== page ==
Around 20,000 Microfinance institutions (MFIs) are to be regulated under the Micro- Finance Bill to be presented in parliament soon. The Central Bank Governor Ajith Nivard Cabral, presenting the CB Roadmap for 2011 this week, said that all these institutions will be required to obtain a registration and conduct their business according to stipulated standards. This would help prevent wastage and abuse of financial resources in the micro sector, he added. It will also tackle corruption and failures in implementing micro level projects, he said.
There are some 26 million savings accounts in Sri Lankan MFIs. A senior official of the Finance Ministry told the Business Times that Sri Lanka’s microfinance institutions will come under a dedicated authority to be set up under the new bill to regulate these institutions and make their supervision more effective. The Microfinance Regulatory and Supervisory Authority will be responsible to license/register, regulate and supervise institutions (Companies, Non-Governmental Organizations Co-operative Societies and societies which are registered under the Companies Act, Voluntary Social Service Organizations (Registration and Supervision) Act, that carry on the microfinance business.
The official noted that the growth of microfinance in Sri Lanka is hampered by the lack of a consistent regulatory and supervisory framework, governance issues, and lack of technology and shortage of skilled personnel. Samurdhi Banks, Cooperative Rural Banks and Thrift and Credit Cooperatives, Regional Development Banks and other institutions from the ‘formal’ financial sector have ventured into microfinance. Several non governmental organizations which have grown very rapidly in the past decade are also operating micro finance schemes without any regulatory or supervisory controls.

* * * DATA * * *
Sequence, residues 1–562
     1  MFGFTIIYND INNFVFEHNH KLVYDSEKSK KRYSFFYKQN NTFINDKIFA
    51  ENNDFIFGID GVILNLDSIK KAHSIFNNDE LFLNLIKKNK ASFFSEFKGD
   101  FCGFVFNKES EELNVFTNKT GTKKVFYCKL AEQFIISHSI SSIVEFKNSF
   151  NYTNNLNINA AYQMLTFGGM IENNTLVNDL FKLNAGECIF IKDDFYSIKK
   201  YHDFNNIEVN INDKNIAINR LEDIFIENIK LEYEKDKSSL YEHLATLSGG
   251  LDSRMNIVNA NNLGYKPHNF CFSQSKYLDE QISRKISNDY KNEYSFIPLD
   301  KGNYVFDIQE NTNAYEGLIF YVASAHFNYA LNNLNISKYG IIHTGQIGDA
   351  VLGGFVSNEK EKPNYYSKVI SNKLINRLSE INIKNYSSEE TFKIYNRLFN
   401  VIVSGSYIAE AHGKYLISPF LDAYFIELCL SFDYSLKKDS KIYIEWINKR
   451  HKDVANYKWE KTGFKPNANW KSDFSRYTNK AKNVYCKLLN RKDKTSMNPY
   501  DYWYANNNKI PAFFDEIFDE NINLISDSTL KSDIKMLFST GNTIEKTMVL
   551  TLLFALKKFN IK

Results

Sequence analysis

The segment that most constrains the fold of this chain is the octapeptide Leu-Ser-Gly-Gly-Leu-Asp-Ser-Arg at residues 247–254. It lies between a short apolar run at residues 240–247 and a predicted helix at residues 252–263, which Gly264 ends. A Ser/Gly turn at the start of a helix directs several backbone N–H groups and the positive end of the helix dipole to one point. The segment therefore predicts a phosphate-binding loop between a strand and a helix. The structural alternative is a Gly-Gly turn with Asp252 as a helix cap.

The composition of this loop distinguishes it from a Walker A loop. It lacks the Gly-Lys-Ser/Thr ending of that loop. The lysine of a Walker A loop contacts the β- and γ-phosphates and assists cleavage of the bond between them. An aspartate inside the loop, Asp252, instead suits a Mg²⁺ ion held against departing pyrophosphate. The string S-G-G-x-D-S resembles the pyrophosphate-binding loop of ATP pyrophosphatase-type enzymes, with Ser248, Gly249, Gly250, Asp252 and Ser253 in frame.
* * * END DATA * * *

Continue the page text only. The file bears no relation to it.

At present there is no single body to regulate and supervise the operations of all MFIs. Instead, several Ministries, Departments and Government Acts control the operation of MFIs. The regulatory requirements and standards of each of these regulatory bodies are different, complicating the current regulatory framework. The institutions providing microfinance facilities are subject to prudential or non-prudential regulations according to the nature of their establishment.
However the official said that several MIFs have expressed their concern on the capacity of the regulatory authority to supervise the MFI and the cost of such supervision. The cost of supervision, which will be paid by the MFIs as a license fee, will eventually be borne by the poor clients of the MFIs. The increased cost of the administration and reporting requirements will ultimately be passed onto the clients as well, these MIFS alleged.